The patriarch Lutunasobasoba's children in order include: Buisavulu, Rokomautu, Rokoratu or Romelasiga, Tuinayavu, Daunisai and Sagavulunavuda.

David Routledge states in his book Matanitu that Rokoratu travelled from the Verata coast to Rewa in his canoe at Namako' and settled at Dreketi in the southwest coast of the delta.

But before Roko Ratu arrived, the yavusa Burenivalu were already living there and apparently were led to Lomanikoro by the Vunivalu himself.

The Burenivalu are made up of the six villages of Nadoi, Drekena, Vunuku, Narocivo Tavuya and Lokia.

The Drekena serenaders sing in their song about Rewa - the abundance of the moci (baby prawns), kuka (small crabs), bonu (eels that dwell in the mangroves) and mana (mud lobster) because these are the dishes that the Burenivalu pamper their chiefs with.

It is understood that Ro Rawalai arrived at Burebasaga when the Vunivalu and the Burenivalu were settled in Lomanikoro.

"One of our elders went up to the chief one day while doing chores for him in Burebasaga and standing a little distance away he opened a fresh parcel of rourou vaka utona - or moci baby prawns wrapped in rourou or dalo leaves," he said.

"As the smoky scent of the food aroused the young chief's taste buds, the elder of the Burenivalu clan started talking to the chief.

"He told the chief that if he wanted to eat such food he should cross the river and resettle with the Burenivalu in Lomanikoro."

Until this day the Burenivalu continue to perform this function and prepare the special delicacy for their chief.

There are other tales of the Burenivalu and their turtle catchers who do not go deep sea fishing but simply drag in beached turtles, as if they were steered to land, when the Roko Tui Dreketi wants to feed the vanua for a special function. Where some would call these things tales others refer to it as sau or mystical powers.

When the chief Ro Rawalai moved, however, he maintained the name Burebasaga in memory and out of respect for his old home while the chiefs in Burebasaga maintained the title Roko Tuni Mata Dreketi.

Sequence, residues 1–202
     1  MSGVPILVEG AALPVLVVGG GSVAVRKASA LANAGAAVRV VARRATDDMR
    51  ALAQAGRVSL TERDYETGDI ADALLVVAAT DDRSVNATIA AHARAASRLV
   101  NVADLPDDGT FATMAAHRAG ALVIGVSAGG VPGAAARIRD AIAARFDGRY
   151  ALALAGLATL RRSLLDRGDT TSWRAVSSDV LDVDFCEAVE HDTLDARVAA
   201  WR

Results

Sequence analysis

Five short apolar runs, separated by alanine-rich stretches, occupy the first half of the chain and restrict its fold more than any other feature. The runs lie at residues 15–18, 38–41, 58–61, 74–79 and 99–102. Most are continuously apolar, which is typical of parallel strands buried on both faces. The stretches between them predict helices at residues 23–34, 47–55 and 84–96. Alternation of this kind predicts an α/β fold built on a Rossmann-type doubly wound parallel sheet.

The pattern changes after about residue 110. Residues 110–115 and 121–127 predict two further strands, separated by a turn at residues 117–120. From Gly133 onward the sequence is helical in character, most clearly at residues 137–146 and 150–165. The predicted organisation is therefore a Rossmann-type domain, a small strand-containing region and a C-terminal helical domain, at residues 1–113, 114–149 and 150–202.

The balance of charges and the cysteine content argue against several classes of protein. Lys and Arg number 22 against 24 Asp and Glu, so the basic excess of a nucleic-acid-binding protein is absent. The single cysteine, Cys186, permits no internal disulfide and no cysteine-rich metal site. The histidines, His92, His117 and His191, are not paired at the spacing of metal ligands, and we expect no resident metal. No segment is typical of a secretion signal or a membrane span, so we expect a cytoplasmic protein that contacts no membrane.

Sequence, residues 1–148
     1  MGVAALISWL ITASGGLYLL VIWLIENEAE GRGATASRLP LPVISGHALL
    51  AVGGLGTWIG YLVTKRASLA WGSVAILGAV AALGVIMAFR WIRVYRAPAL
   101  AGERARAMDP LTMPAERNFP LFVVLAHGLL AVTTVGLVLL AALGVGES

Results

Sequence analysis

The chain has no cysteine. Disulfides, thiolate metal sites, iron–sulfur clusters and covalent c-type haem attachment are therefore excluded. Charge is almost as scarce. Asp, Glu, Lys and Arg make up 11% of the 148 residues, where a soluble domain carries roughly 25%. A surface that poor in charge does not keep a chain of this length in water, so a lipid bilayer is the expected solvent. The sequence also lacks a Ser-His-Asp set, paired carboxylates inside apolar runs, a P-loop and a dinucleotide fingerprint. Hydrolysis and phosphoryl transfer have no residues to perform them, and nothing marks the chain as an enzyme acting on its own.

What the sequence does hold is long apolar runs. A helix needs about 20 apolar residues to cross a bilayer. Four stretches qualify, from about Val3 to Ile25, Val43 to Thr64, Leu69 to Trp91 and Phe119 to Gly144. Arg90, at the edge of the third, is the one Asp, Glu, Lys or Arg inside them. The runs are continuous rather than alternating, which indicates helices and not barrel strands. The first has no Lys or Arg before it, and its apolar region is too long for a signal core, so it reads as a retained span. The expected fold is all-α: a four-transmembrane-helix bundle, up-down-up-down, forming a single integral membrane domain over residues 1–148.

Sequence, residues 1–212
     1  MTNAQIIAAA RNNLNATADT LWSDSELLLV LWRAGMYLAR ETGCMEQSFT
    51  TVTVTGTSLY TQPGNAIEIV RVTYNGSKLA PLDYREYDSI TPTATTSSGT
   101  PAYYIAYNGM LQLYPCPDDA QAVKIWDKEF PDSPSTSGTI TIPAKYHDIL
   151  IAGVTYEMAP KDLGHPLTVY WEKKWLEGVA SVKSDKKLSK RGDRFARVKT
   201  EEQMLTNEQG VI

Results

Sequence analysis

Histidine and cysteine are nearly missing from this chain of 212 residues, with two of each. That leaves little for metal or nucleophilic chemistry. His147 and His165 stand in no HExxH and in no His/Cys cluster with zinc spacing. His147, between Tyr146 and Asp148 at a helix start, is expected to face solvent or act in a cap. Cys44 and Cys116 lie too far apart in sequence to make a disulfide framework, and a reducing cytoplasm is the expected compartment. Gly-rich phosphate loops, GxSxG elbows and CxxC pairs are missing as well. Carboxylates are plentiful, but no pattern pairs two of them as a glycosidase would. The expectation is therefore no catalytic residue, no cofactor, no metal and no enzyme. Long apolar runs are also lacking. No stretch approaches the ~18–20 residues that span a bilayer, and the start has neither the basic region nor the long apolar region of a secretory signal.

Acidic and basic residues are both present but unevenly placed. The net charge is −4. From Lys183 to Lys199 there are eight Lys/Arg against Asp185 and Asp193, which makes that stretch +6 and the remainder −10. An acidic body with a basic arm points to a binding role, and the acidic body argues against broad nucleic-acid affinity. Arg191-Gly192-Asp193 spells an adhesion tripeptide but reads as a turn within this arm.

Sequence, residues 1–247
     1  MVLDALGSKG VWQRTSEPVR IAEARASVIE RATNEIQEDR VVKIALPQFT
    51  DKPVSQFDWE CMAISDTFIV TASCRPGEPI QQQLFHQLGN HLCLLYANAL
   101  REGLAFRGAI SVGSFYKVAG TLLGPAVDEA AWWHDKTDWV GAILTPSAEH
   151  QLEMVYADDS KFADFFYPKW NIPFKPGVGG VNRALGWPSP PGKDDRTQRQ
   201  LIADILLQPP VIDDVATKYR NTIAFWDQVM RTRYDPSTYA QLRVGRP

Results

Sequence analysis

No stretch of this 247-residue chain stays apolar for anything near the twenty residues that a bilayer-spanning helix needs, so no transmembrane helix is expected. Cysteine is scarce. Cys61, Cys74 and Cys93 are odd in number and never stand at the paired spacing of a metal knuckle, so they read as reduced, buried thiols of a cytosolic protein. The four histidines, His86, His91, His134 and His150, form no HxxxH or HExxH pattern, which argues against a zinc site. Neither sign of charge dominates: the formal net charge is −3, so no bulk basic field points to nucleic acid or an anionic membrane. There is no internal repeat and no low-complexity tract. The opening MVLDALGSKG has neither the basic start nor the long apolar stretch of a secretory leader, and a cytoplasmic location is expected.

Ro Aca said the first title they bestowed upon Ro Rawalai was Tui Dreketi.

That changed later to Roko Tui Dreketi to give significance to the vast areas they were to lead.

Some members of the Vunivalu tribes in Namosi moved to Serua then on to Rewa.

Last week we related how Rokomautu's second eldest son, Rovarovaivalu left Verata and settled in Levuka then travelled to Namosi confirming the common names of the two vanua (Nabukebuke). It is most likely that branches of the same tribes resettled in the islet opposite Nasali Landing and eventually at Lomanikoro.

Today the people of Rewa call Verata people Mataqali in recognition of these close ties.

But in recognition of the Vunivalu's status, the tribes of the Burenivalu who accompanied the Vunivalu, are divided into two one lot under the Roko Tui Dreketi and the other under the Vunivalu.

Legend has it that when Roko Ratu had settled in Rewa his brother visited him from Verata and they travelled to Suva where they divided the borders of land.

Roko Ratu later installed his own son Ro Rawalai as the chief giving him the title Tui Dreketi, Routledge states in Matanitu.

As his home was in Dreketi they name the area today as Vuniyavu or origins or foundations.

When Ro Aca pledged, last week that if anyone left the Roko Tui Dreketi, the Vunivalu clans would stick by the chief's side, he was pledging and cementing the ancient ties that have kept the vanua of Rewa together ever since the Vunivalu arrived in Rewa.

He was also calling on his own tribes, just like those before him, to stand by their chief and rise to their various calling.

Fiji Times Online: http://www.fijitimes.com.

Copyright © 2006 Fiji Times Online. All Rights Reserved